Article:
The force behind this exercise was Susie Schub, Founder and President of Caring Capital. “Caring Capital™ ignites employee engagement by empowering corporate volunteers to make appealing gifts for neighbors in need. Through our proven philanthropic team-building services, employees connect, create, and make an impact on the community. We deliver no-fail projects to employees worldwide, so each company may serve the community no matter where employees reside. Since its launch in 2009, Caring Capital has engaged 25,000 employees who have donated gifts, from furniture and clothing to bedding and toys, to nearly 110,000 children, families, seniors and service members.”
Look what resulted (Beaming Wendy!)
I am grateful to Jaime and Susie for the reminder that something that is easy and fun to do can make a huge difference in another person’s life! Please visit the Caring Capital website and check out some of their amazing projects! http://www.caringcap.com/
If your organization has not embarked on an opportunity to be inspired, isn’t this a great time to do so?
So, why did my heart leap? My heart leapt because we have the freedom to protest an act that many people have determined to be an example of injustice based upon the circumstances of Michael Brown’s race. Petitions were distributed within minutes of the announcement and many individuals and organizations have expressed their commitment to continue to work toward improving our systems of justice and law enforcement. This nation has been founded on the principal that we have certain inalienable rights, and since the passage of the 13th, 14th, 15th, and 19th Constitutional Amendments, http://www.archives.gov/exhibits/charters/constitution_amendments_11-27.html those rights have belonged to all U.S. Citizens. We have a legacy, in fact a responsibility to defend our rights and the rights of others, which is why we have a jury system, a jury of our peers, who hear arguments from both the prosecutor and defense attorney, is supposed protect our rights under the law.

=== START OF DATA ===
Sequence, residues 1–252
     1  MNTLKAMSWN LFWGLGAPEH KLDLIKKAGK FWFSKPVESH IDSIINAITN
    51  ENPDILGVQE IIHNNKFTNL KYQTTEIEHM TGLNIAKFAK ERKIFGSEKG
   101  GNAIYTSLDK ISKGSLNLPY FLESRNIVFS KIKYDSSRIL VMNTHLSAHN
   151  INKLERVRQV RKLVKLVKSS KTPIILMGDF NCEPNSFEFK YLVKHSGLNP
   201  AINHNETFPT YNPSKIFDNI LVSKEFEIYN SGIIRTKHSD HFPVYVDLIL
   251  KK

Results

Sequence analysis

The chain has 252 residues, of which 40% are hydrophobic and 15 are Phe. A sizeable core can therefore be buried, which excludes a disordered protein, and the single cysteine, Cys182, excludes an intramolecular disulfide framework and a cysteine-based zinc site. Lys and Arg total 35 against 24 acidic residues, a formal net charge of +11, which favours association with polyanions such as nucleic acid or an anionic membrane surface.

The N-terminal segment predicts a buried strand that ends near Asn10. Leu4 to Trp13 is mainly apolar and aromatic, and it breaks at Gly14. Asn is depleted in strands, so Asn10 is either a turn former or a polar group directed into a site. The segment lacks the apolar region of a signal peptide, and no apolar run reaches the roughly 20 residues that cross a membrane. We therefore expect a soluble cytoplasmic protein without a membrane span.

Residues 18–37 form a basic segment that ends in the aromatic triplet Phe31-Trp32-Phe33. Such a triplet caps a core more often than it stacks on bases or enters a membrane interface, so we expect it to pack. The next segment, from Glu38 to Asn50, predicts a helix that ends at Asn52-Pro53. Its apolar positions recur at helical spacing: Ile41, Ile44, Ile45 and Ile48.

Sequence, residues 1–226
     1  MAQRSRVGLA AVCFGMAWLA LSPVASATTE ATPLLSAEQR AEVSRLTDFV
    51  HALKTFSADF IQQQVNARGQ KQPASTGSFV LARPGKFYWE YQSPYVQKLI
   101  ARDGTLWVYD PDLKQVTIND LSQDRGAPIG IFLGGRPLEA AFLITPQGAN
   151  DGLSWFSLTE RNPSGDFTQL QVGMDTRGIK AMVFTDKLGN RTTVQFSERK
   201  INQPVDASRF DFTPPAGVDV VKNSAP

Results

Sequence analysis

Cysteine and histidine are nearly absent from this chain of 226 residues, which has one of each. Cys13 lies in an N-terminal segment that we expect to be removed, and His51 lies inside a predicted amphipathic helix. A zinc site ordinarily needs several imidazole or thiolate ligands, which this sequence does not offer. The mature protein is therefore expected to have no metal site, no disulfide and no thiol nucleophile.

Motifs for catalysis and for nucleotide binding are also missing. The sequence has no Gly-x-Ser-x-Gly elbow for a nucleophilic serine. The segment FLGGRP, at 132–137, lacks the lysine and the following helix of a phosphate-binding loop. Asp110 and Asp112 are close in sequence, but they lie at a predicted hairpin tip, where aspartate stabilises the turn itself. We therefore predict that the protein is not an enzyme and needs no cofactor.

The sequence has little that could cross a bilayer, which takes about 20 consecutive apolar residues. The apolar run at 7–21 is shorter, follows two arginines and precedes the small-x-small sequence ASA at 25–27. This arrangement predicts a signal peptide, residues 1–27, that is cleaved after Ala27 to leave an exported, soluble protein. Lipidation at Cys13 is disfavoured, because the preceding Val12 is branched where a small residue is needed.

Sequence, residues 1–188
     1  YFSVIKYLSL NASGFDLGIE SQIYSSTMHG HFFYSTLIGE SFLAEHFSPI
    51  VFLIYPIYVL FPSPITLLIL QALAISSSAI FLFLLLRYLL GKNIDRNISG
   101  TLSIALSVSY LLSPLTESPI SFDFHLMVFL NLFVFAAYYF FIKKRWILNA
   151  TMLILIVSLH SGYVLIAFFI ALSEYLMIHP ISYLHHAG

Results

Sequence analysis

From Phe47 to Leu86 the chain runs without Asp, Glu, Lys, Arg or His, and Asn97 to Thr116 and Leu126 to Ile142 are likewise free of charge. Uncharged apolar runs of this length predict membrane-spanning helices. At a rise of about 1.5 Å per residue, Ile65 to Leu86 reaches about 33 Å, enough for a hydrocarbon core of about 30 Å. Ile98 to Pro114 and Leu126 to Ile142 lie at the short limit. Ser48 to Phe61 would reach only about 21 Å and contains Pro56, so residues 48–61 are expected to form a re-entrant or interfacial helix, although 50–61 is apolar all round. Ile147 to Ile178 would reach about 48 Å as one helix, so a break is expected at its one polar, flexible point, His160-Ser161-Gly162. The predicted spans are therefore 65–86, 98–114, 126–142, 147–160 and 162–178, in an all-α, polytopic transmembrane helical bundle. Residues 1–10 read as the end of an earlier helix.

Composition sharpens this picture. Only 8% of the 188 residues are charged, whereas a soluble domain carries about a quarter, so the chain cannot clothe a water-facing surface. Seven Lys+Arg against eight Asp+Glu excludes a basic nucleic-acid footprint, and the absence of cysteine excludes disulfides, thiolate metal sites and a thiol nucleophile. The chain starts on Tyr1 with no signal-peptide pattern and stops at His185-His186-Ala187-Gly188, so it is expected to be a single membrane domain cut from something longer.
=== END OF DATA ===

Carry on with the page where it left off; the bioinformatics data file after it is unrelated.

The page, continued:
When the decision was announced at approximately 9:30 EST on Monday, November 24, the internet lit up with millions of comments. People wrote of despair, heartbreak, rage, disappointment, disgust, and sadness. Others wrote hateful things, racists things, dividing things about those who grieved and mourned. Then, images began appearing of violence in Ferguson, MO. Images also appeared of peaceful protests in Ferguson and across the country; however, the predominant images posted by the media were of looting, burning, and violence. Let’s be very clear: violence solves nothing. Looting, burning of shops and destruction of property is worse than an exercise in futility – these actions result in raising barriers to inclusion and reinforcing the stereotypes held by many who do not understand the reasons for riots or even protests.